From stretchy spandex to cushy sofas, polyurethanes are widely used in several consumer products to ensure better comfort while walking, sitting, and sleeping. Once the products use has expired, most of these non-degradable materials are put on landfills. Reporting in the ACS Macro Letters journal, a team of researchers have discussed a potential way to decrease future waste - chemically recyclable foam produced from a novel sugar-based material.
Polyurethane materials are known to be very versatile; they are adapted by manufacturers into cars, floors, electronics, and medical devices. These materials come from petroleum and there is limited efforts to recycle them. This has lead to large quantities of waste, so researchers are keen to discover more sustainable options. Marc A. Hillmyer and his team have devised an efficient technique to create a sugar-based rubbery polyester compound called poly (β-methyl-δ-valerolactone) or PMVL. This can be applied for use in new chemically-recyclable polyurethanes. The team then went on to produce flexible polyurethane foams using this unique polymer. These foams matched the performance of their commercial counterparts.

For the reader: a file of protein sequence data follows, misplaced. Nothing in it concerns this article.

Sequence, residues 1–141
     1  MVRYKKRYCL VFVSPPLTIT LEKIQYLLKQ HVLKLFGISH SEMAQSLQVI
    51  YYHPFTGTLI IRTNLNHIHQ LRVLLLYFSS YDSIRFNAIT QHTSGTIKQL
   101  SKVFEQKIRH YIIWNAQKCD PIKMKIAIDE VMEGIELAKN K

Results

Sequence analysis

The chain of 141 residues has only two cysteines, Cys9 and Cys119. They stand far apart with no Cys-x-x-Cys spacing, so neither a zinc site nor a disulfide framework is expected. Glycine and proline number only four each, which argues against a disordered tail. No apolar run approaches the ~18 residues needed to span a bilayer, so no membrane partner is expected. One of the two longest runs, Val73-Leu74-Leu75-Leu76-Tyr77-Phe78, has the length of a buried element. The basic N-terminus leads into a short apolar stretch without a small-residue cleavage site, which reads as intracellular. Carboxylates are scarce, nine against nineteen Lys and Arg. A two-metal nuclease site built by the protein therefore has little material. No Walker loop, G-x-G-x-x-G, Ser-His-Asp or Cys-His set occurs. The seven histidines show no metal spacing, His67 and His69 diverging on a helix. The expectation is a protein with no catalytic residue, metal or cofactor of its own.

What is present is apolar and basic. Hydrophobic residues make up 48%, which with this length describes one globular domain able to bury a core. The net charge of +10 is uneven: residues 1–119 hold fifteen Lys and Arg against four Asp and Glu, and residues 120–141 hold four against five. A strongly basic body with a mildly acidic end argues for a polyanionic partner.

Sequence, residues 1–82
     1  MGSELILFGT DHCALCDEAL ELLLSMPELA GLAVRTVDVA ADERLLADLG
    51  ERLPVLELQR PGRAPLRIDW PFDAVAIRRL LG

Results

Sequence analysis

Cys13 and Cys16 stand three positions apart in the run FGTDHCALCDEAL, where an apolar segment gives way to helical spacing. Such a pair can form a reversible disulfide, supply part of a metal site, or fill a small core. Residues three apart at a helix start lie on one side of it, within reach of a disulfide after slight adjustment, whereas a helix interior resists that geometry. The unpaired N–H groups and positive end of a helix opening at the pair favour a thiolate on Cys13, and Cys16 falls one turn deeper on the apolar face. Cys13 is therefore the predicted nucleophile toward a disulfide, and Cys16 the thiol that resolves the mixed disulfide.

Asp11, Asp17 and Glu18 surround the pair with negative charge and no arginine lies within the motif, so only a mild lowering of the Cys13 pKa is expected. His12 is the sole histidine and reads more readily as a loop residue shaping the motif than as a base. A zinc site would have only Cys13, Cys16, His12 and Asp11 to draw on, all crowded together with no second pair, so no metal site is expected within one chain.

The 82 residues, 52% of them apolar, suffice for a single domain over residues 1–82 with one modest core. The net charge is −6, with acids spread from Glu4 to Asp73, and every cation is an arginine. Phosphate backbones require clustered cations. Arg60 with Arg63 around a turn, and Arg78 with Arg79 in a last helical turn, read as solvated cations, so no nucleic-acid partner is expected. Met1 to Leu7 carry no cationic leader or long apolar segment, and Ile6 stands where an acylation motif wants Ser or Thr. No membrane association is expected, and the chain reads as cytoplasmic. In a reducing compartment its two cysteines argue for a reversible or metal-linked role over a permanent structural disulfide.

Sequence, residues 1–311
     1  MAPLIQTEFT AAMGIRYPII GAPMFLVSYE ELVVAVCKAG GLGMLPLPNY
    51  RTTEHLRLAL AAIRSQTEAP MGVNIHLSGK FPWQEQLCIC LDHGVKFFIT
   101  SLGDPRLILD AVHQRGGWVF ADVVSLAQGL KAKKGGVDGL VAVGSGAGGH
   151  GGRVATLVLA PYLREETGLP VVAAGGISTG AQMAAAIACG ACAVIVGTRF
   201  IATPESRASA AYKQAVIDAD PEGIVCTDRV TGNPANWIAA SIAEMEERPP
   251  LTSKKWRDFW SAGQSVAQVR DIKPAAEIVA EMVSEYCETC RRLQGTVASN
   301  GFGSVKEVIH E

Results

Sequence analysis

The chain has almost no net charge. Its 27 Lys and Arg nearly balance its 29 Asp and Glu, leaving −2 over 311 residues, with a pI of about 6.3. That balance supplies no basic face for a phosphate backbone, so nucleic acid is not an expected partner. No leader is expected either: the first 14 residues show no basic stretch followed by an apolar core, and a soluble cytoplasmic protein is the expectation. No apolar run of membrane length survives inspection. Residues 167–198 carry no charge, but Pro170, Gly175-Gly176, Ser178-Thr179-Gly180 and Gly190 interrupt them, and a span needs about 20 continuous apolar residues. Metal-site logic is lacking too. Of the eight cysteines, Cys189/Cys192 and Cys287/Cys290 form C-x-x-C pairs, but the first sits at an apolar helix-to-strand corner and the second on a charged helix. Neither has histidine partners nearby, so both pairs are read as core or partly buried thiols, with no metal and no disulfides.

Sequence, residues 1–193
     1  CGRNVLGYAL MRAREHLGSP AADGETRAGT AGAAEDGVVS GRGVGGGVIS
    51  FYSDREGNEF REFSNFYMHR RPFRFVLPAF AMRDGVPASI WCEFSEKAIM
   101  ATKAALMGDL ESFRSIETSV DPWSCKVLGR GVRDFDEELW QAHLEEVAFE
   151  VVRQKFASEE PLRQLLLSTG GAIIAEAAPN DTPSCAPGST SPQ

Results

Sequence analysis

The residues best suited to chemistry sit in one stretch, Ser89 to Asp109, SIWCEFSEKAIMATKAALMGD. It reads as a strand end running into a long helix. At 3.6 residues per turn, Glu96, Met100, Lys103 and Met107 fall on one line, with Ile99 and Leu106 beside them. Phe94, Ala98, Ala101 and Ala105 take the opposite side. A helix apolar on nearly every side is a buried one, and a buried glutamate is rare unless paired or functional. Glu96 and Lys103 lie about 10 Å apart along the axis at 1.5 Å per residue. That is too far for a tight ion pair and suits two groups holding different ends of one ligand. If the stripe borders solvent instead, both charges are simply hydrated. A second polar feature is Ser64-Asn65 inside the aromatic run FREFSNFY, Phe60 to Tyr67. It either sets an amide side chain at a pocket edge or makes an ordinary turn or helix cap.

The researchers wanted to see if the new foams could be recycled, so they heated the materials to a high temperature after adding a catalyst. The team were able to retrieve nearly 97% of the initial β-methyl-δ-valerolactone (MVL) monomer with high purity during this process. The retrieved material was then re-used to make PMVL again with almost identical properties.
The research was funded by the University of Minnesota Graduate School and the National Science Foundation supported Center for Sustainable Polymers.